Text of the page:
Don’t be discouraged by the numbers

Human beings (accept for the prophets, i will tell you the story after the post) are affected by the results of our actions, I guess that’s our nature. If we relate it to blogosphere, it’s all about traffic, RSS subscribers, number of comments blog posts etc. Bloggers get happy when their blogs’ traffic increase, when their comments on the posts increase and their RSS subscribers increase… etc.

And opposite is true, when the traffic decreases, the number of comments decreases and RSS subscribers drop, bloggers get upset and demoralized. Eventually they may even abandon their blogging because of the declining stats.

My advice is “don’t bother about the numbers!”. (Yes, I know it’s easier said than done but…) Just do what you have to do (i.e blogging) and keep blogging, don’t bother about those stats. Because if you are good at what you do, you will eventually succeed.

I guess in order not to be bothered much about the stats, you need to overcome a certain barrier. In my view this barrier consists of thoughts like: I have too few readers. My traffic is too low for me to succeed in blogging. What will people say if i write in certain manner? I have to write/behave/attend conferences like “top bloggers” to be accepted by others…etc

Reason for the discouragement

Usually one of the main reasons for the discouragement is, it’s when you blog for the wrong reasons. People blog for various reasons, and if you blog for specific reason like “making money online” only. Then, there is a high probability that you will stop blogging when you hit the bottom. In other words, when your blog stops making money, you won’t see any reason to continue blogging.

Of course, it depends on the projects. Sometimes you launch a project just to make money. So, when the project doesn’t make money, it’s better to just discontinue the project. Continue reading

Learning from mistakes – Story of Daud AS

Two brothers came to Prophet Daud (peace be upon him) (Prophet David in Bible) and said

“Judge between us, we are in dispute”.

One of them said

“This is my brother. He has ninety nine sheep and I have one sheep. He is now forcing me to give up my single sheep to him”.

So, prophet Daud without listening to the other brother said

“He has undoubtedly wronged you in demanding to add your single sheep to his flock. He should return your sheep to you!”.

Once he has delivered his judgment, two brothers disappeared into the air. Propet Daud realized that these were two angels and that he was just tested by God and that he made a mistake — he didn’t listen to both sides of the story before delivering his judgment.

So, he fell prostrating asking for forgiveness from God. And God forgave him. (Quran 38:21-25)

When mufassireen (interpreters) of Quran talk about this story they say that Daud after the mistake was a better Daud than before the mistake. In other words, after the mistake he was wiser and more knowledgeable than before.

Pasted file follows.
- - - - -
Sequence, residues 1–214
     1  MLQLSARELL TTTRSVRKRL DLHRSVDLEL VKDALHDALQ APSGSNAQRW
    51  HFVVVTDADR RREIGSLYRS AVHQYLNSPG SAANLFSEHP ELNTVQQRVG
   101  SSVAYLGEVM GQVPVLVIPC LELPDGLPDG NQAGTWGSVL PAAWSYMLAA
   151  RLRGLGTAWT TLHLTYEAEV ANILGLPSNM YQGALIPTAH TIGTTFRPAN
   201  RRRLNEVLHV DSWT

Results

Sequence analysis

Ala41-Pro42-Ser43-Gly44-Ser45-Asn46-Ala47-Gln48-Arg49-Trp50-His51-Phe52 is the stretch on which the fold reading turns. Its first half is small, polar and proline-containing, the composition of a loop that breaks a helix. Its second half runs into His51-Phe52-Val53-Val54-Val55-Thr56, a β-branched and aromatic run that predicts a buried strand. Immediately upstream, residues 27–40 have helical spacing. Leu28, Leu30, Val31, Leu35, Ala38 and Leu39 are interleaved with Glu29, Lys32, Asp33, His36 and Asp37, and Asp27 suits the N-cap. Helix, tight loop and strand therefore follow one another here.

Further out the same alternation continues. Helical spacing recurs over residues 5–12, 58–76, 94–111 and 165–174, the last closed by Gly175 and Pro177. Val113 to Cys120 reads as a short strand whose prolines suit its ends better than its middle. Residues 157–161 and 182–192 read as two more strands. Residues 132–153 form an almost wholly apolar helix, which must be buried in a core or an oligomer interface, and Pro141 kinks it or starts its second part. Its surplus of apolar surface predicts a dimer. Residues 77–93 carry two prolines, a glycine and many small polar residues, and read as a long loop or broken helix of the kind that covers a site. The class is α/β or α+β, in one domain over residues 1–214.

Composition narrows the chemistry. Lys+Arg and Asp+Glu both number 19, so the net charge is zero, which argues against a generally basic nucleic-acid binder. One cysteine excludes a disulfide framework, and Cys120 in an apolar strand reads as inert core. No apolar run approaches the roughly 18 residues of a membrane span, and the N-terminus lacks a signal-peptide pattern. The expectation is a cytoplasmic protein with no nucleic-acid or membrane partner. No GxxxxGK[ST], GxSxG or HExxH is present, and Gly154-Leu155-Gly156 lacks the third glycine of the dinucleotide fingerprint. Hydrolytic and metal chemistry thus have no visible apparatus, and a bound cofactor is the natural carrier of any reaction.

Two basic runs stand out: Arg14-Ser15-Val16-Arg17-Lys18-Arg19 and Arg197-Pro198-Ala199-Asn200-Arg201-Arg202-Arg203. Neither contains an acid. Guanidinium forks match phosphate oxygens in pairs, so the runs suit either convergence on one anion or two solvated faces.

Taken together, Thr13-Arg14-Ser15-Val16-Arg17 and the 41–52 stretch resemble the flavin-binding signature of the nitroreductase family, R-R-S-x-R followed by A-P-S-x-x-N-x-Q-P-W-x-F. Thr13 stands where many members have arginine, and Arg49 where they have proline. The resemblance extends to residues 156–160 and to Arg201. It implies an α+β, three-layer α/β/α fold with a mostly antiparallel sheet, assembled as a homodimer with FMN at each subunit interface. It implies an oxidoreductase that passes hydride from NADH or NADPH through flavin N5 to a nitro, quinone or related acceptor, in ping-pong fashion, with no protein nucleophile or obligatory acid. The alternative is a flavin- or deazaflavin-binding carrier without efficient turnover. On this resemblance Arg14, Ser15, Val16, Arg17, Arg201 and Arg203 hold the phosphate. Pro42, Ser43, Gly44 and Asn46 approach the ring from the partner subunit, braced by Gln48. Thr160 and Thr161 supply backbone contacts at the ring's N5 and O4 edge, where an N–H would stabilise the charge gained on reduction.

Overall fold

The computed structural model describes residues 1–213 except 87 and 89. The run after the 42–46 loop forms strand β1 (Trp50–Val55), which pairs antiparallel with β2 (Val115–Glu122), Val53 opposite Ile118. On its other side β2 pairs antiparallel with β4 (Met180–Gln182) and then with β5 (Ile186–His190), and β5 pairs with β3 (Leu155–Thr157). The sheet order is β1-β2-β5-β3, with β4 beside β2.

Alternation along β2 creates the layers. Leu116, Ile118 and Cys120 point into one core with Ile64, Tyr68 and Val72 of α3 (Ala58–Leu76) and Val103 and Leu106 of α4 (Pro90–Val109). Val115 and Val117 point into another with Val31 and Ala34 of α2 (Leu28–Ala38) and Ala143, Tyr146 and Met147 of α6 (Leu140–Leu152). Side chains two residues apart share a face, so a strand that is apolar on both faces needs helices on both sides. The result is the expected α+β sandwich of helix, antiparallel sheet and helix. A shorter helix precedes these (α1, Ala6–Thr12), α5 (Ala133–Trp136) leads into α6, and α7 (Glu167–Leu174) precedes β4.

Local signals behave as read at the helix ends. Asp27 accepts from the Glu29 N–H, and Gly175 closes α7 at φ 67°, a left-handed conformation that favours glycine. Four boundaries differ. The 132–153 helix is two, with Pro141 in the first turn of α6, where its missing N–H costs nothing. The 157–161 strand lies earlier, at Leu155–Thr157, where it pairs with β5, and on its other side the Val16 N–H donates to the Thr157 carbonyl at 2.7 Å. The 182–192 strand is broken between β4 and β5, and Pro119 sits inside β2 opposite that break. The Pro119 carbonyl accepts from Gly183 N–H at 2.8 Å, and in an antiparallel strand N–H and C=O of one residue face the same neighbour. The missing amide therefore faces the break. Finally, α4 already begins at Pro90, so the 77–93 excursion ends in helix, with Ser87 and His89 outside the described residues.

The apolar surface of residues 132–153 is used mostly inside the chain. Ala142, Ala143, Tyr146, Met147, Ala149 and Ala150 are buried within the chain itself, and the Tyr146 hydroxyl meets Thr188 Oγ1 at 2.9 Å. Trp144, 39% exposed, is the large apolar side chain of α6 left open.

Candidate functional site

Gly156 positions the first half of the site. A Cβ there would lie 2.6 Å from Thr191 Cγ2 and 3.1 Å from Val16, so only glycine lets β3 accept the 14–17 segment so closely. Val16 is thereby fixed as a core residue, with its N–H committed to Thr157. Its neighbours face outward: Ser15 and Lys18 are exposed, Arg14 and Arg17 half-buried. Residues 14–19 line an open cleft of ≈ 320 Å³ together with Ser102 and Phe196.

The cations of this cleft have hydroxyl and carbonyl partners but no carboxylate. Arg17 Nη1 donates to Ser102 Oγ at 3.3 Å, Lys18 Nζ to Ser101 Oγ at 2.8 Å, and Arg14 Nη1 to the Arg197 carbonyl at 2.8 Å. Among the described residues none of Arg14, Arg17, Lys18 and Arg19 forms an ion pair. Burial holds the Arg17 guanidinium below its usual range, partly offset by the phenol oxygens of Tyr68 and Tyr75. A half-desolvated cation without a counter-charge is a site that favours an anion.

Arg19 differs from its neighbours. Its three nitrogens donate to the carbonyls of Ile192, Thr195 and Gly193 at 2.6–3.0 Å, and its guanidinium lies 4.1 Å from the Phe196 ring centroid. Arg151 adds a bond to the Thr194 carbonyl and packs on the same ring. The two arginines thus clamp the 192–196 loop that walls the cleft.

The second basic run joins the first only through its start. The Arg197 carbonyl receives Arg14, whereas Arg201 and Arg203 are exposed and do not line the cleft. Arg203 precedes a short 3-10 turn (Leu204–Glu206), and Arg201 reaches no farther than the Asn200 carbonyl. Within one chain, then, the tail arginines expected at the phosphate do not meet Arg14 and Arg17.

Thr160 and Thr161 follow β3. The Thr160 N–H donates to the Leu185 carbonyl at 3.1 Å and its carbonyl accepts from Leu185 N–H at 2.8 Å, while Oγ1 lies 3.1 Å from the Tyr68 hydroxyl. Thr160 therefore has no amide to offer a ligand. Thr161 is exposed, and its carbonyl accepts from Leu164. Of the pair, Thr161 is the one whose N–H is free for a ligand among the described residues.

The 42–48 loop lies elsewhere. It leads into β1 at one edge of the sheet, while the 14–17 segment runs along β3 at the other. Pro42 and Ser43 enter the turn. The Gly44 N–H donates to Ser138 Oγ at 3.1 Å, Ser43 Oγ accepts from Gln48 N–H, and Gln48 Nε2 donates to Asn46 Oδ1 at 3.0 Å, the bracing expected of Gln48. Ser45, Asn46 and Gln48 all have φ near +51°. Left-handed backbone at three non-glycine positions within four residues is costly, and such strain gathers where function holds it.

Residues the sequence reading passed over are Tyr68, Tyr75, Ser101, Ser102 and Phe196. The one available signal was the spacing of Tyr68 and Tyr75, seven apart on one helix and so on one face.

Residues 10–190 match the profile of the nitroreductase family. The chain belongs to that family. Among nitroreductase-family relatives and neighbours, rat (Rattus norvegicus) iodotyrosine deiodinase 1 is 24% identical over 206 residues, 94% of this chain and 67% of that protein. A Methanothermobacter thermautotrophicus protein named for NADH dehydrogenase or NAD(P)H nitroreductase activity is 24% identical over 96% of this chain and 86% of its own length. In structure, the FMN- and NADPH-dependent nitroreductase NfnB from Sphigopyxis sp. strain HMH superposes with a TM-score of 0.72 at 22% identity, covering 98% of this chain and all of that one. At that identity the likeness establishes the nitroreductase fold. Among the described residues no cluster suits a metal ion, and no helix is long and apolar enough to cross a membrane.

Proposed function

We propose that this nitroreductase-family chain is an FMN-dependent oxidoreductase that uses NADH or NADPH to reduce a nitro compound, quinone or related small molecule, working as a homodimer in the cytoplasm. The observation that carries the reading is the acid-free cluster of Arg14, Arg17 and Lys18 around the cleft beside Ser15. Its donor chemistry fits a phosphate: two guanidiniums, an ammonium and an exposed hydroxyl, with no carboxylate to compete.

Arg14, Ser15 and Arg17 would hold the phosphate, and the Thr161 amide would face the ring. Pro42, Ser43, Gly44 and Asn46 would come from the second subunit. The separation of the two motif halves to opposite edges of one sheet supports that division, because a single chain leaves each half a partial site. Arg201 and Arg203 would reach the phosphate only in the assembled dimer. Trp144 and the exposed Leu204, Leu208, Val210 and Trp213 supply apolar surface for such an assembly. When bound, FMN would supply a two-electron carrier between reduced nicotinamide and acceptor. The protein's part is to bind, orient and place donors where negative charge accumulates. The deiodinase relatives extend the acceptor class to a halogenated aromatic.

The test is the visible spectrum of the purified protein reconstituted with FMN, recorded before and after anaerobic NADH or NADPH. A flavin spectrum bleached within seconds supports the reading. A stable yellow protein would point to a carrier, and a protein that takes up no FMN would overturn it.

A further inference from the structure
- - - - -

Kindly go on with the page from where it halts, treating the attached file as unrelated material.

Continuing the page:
Moral of the story:

Mistakes can be a great source of knowledge if we derive lessons from them, and learn from them.

About a month ago, problogger posted a blog-post on his blog asking readers “What is the biggest mistake you have made as a blogger?“. I am not sure if you have read this post and comments under it. There are over 200 comments where readers share their mistakes as a blogger and how their mistakes affected their blog negatively (directly or indirectly).

So, if you haven’t read it, go to the page and go through the comments. There are a lot of lessons to be learnt for everyone.

Paying attention to the right stuff, and learning how to sacrifice

Update: This came to be known as Lean Startup, popularized by Eric Ries in late 2008.

prioritize.png Last week in my MBA class (Management Control Systems) I had a case-study about “Balanced Scorecard” and how it was implemented in a particular company in the banking industry. Obviously the company had a lot of challenges and issues during the BSC implementation.

One of the lessons from the case was, for the BSC to be implemented successfully and fully, you need to keep improving it as the implementation phase moves along. One of the reasons cited for BSC implementation failure was because some companies want a perfect BSC – from the start. But that’s not possible, since BSC is a continuous thing, which has to be improved, changed, and adjusted over time.

Relating it to web-projects and Startups

This case-study reminded me of few occasions where I noticed how some people want everything to be perfect. They pay attention to the wrong (or shall we say less important) parts of the project. Every project consists of different parts, if it is a web project for example, then it could be divided into design, development, choosing hosting, choosing domain name, marketing, advertising etc.

However in order for the work to begin, you only need design and development (i.e scope of work) first. So don’t waste your time thinking how you will promote the website after its completion. Similarly, if you just want to test the waters whether the project will work or not, then don’t delve too much on the design of the interface. Just get a functional user interface that will do the job fairly and see if your project will stand the test. Because I noticed that some people will spend so much time perfecting the design of the website that they delay the launch of the project, or even worse the project gets not launched at all.

Because in most cases, it’s not the user interface that determines if the project will work or not. It’s the IDEA that determines the fate of your project. If your idea is good, then even if your website is not that “good looking” – it will still work! But not vice versa. You might have the best designed website, but still fail.

Lessons to be learned

So, in conclusion; first prioritize your tasks, identify the parts that are most important for the project to be completed. Once you have identified, work on those important parts first. Don’t waste your time on the tasks that will follow after the project has been completed.